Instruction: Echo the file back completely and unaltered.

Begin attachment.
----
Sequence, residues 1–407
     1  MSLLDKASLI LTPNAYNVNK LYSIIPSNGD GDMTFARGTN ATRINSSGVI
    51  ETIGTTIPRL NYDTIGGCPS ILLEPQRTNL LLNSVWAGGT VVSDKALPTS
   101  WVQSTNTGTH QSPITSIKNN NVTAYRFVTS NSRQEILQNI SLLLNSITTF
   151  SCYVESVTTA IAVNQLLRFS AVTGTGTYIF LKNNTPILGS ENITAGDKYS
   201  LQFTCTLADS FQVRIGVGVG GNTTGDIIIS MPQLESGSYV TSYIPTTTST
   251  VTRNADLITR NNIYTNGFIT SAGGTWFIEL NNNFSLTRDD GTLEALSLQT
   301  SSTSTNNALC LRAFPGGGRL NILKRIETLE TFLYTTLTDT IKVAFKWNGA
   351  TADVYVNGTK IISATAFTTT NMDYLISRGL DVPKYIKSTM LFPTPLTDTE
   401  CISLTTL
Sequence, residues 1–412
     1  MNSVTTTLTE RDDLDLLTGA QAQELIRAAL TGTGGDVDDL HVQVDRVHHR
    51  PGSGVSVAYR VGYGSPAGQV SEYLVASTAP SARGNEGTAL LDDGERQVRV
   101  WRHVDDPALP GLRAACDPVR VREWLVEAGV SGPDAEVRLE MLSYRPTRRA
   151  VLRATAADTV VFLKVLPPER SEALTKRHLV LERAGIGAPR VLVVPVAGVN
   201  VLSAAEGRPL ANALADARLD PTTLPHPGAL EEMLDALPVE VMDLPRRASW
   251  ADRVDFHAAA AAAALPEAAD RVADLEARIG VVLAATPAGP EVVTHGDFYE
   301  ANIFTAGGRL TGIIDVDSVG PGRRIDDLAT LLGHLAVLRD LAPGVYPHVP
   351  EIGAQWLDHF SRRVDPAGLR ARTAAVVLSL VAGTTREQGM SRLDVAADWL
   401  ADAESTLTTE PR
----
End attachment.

Sequence, residues 1–407
     1  MSLLDKASLI LTPNAYNVNK LYSIIPSNGD GDMTFARGTN ATRINSSGVI
    51  ETIGTTIPRL NYDTIGGCPS ILLEPQRTNL LLNSVWAGGT VVSDKALPTS
   101  WVQSTNTGTH QSPITSIKNN NVTAYRFVTS NSRQEILQNI SLLLNSITTF
   151  SCYVESVTTA IAVNQLLRFS AVTGTGTYIF LKNNTPILGS ENITAGDKYS
   201  LQFTCTLADS FQVRIGVGVG GNTTGDIIIS MPQLESGSYV TSYIPTTTST
   251  VTRNADLITR NNIYTNGFIT SAGGTWFIEL NNNFSLTRDD GTLEALSLQT
   301  SSTSTNNALC LRAFPGGGRL NILKRIETLE TFLYTTLTDT IKVAFKWNGA
   351  TADVYVNGTK IISATAFTTT NMDYLISRGL DVPKYIKSTM LFPTPLTDTE
   401  CISLTTL
Sequence, residues 1–412
     1  MNSVTTTLTE RDDLDLLTGA QAQELIRAAL TGTGGDVDDL HVQVDRVHHR
    51  PGSGVSVAYR VGYGSPAGQV SEYLVASTAP SARGNEGTAL LDDGERQVRV
   101  WRHVDDPALP GLRAACDPVR VREWLVEAGV SGPDAEVRLE MLSYRPTRRA
   151  VLRATAADTV VFLKVLPPER SEALTKRHLV LERAGIGAPR VLVVPVAGVN
   201  VLSAAEGRPL ANALADARLD PTTLPHPGAL EEMLDALPVE VMDLPRRASW
   251  ADRVDFHAAA AAAALPEAAD RVADLEARIG VVLAATPAGP EVVTHGDFYE
   301  ANIFTAGGRL TGIIDVDSVG PGRRIDDLAT LLGHLAVLRD LAPGVYPHVP
   351  EIGAQWLDHF SRRVDPAGLR ARTAAVVLSL VAGTTREQGM SRLDVAADWL
   401  ADAESTLTTE PR